“We have an awful lot of autonomy,” says Thomson. “Let's say we want to bring in new people or go into new areas – we make a case and my experience is that the firm is extremely responsive. We've always had fantastic backing for anything we want to do. We've got our budget to manage and we come up with ideas; no one is telling us what ideas to come up with – it's up to us to develop them, and we do.”
There is an argument that constant contact with head office can mean constant involvement in the day-to-day running of London.
Francies, not surprisingly, takes a different view. With London now being the firm's second-biggest office after New York, he thinks it is imperative that someone is on the board. “From a European point of view, to have a place – and therefore a voice – on the management board is very important,” he says. “At Weil Gotshal it's pretty important to have someone on the management board – no real decisions are taken without going through there.”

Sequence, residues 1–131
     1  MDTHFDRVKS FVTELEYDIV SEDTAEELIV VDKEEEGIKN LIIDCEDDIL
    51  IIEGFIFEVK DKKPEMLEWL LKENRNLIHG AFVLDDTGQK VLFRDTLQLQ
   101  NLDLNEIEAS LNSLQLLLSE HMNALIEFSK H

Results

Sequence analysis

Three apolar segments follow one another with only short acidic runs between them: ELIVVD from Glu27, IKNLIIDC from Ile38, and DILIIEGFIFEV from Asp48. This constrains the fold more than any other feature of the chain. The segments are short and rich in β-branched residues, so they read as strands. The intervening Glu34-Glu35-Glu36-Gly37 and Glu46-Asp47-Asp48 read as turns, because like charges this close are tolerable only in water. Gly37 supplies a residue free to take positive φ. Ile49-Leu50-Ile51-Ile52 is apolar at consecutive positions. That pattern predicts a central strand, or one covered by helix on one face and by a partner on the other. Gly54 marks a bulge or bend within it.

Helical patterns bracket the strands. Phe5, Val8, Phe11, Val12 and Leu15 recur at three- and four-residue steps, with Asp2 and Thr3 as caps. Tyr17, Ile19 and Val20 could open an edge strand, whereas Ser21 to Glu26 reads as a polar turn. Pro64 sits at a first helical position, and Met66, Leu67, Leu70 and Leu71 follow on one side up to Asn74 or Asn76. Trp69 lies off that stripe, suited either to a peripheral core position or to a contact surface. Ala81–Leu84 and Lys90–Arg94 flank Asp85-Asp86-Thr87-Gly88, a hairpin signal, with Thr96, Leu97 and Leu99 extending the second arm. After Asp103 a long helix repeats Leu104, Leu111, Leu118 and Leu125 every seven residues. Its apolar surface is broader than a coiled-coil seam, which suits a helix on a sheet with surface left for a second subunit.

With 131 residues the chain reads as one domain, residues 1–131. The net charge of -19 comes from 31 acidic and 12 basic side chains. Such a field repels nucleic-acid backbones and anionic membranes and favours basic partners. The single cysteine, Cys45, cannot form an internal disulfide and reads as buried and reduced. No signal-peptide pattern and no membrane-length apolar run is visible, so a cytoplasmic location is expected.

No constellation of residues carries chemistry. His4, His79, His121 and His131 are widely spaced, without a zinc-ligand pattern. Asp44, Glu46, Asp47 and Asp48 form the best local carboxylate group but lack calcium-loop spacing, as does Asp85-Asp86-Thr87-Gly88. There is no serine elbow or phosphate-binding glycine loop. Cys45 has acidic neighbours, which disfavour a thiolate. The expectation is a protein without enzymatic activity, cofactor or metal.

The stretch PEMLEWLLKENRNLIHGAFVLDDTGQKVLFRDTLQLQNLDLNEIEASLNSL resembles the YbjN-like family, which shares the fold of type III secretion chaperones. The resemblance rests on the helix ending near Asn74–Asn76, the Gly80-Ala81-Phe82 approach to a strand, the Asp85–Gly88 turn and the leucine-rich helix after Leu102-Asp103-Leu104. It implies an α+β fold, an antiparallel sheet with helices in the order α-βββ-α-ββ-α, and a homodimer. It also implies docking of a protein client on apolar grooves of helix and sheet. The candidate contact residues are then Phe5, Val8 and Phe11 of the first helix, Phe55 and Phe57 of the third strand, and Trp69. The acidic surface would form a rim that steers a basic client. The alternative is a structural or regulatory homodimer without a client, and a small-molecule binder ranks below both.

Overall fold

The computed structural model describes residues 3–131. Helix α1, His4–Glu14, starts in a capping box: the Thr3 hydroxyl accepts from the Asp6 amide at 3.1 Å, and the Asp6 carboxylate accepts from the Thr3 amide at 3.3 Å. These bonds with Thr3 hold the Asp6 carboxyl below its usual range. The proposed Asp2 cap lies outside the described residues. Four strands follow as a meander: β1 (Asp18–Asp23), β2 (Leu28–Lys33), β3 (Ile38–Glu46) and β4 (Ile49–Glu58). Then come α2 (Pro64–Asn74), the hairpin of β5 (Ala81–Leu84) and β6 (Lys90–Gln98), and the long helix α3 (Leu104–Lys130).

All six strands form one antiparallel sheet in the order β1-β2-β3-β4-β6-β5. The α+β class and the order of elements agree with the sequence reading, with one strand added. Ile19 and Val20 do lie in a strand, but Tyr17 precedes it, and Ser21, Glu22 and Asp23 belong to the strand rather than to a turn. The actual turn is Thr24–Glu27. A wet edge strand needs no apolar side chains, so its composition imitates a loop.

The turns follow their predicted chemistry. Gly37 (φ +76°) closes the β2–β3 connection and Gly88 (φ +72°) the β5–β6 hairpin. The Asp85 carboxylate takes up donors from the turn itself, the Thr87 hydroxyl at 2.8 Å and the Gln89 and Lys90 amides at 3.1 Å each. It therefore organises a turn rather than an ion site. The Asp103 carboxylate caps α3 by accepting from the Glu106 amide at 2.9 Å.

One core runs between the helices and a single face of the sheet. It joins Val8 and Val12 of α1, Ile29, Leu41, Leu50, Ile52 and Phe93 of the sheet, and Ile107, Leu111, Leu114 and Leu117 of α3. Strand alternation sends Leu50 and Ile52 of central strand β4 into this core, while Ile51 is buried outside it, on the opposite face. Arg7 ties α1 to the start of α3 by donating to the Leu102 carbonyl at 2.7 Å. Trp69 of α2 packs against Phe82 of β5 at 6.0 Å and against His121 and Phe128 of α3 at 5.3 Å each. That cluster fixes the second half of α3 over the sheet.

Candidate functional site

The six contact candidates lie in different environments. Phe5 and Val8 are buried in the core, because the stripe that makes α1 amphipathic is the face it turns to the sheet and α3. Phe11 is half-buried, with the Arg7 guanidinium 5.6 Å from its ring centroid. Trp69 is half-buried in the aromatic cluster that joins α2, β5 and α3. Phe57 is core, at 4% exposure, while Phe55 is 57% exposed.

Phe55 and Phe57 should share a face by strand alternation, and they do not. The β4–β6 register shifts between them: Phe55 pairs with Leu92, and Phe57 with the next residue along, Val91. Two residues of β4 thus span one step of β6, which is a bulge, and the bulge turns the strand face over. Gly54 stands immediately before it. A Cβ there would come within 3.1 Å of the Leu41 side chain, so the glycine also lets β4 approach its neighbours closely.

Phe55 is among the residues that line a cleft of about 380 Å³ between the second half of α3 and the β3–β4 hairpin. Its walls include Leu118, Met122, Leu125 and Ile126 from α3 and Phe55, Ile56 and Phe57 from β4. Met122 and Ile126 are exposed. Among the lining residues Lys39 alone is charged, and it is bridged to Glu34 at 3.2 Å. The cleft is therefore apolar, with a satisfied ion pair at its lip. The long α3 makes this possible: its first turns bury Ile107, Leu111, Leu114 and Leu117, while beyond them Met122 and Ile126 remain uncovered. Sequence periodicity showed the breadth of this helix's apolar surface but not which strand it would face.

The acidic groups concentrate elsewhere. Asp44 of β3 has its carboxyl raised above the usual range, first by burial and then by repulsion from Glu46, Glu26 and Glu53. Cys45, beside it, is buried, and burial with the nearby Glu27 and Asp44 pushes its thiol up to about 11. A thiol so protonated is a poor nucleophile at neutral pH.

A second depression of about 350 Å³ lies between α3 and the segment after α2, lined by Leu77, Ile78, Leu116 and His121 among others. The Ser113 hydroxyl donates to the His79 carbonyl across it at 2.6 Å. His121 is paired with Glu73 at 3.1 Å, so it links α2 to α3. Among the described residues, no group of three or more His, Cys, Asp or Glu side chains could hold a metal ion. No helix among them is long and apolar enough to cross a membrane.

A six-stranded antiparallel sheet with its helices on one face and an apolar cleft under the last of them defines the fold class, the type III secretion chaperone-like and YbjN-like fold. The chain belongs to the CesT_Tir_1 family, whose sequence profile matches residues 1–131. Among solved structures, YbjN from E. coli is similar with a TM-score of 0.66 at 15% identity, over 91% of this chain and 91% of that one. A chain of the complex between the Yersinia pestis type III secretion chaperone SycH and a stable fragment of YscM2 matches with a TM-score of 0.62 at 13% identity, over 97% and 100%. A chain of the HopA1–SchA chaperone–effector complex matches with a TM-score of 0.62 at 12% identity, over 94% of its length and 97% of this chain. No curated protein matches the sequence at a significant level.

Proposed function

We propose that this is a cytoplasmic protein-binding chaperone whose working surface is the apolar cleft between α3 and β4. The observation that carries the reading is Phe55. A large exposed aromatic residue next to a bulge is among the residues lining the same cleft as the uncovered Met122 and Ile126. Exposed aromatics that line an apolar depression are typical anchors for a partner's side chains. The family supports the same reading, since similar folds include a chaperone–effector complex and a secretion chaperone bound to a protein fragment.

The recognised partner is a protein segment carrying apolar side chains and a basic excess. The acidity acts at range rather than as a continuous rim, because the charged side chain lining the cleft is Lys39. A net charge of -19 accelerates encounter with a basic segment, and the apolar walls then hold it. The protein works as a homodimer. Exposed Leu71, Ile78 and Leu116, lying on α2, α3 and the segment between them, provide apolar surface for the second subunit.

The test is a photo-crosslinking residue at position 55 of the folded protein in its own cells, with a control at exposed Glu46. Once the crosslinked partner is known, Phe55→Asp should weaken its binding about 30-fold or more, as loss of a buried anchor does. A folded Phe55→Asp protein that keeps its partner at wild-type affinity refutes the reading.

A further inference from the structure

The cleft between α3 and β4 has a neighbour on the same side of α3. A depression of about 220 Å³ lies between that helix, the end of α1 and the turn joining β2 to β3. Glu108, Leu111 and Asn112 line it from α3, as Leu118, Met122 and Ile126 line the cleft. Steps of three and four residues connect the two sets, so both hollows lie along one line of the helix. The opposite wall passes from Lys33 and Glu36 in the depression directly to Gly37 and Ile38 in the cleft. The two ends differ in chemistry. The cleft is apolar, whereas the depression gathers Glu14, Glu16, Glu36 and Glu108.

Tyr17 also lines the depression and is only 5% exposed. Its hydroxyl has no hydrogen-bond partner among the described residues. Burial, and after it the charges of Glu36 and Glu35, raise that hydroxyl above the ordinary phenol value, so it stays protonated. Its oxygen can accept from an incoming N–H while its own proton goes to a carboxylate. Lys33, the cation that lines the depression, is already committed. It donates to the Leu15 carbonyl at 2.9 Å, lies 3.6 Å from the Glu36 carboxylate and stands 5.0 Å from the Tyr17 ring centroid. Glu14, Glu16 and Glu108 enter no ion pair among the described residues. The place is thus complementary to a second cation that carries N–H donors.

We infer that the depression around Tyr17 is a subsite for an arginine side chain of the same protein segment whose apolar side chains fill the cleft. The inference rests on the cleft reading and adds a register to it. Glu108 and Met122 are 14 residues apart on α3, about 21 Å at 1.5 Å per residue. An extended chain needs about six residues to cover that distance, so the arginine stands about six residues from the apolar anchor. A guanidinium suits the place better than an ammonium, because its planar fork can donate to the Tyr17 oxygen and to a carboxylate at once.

Francies took over the position on the board from Maurice Allen, the former joint head of the office who left to join White & Case last year. His place on the board is a result of a nomination rather than an election, and means he must attend meetings every two weeks to discuss everything from strategy and compensation to budgets, business plans, new partners and new premises.
As far as he is concerned, it had never occurred to him that a place in global strategy could be a bad thing. Certainly, judging by the few transatlantic mergers that have gone ahead, gaining such a place is an imperative.
In each of those mergers, the London offices, however small, have secured their places on the board. Tony Wollenberg of Steptoe & Johnson Rakison boasts a place on the 12-partner executive committee, three London-based Dechert partners are on the policy committee of 13, and Reed Smith Warner Cranston's senior partner Ian Fagelson is on the firm's 13-strong executive.
Fagelson said it was a no-brainer when the two firms linked up. “It's an important point,” he says, “but it had virtually no discussion, because if you integrate two existing firms, obviously the combined corporate organs are going to have appropriate representation from both sides. That's not necessarily the case if you have one firm opening another office.”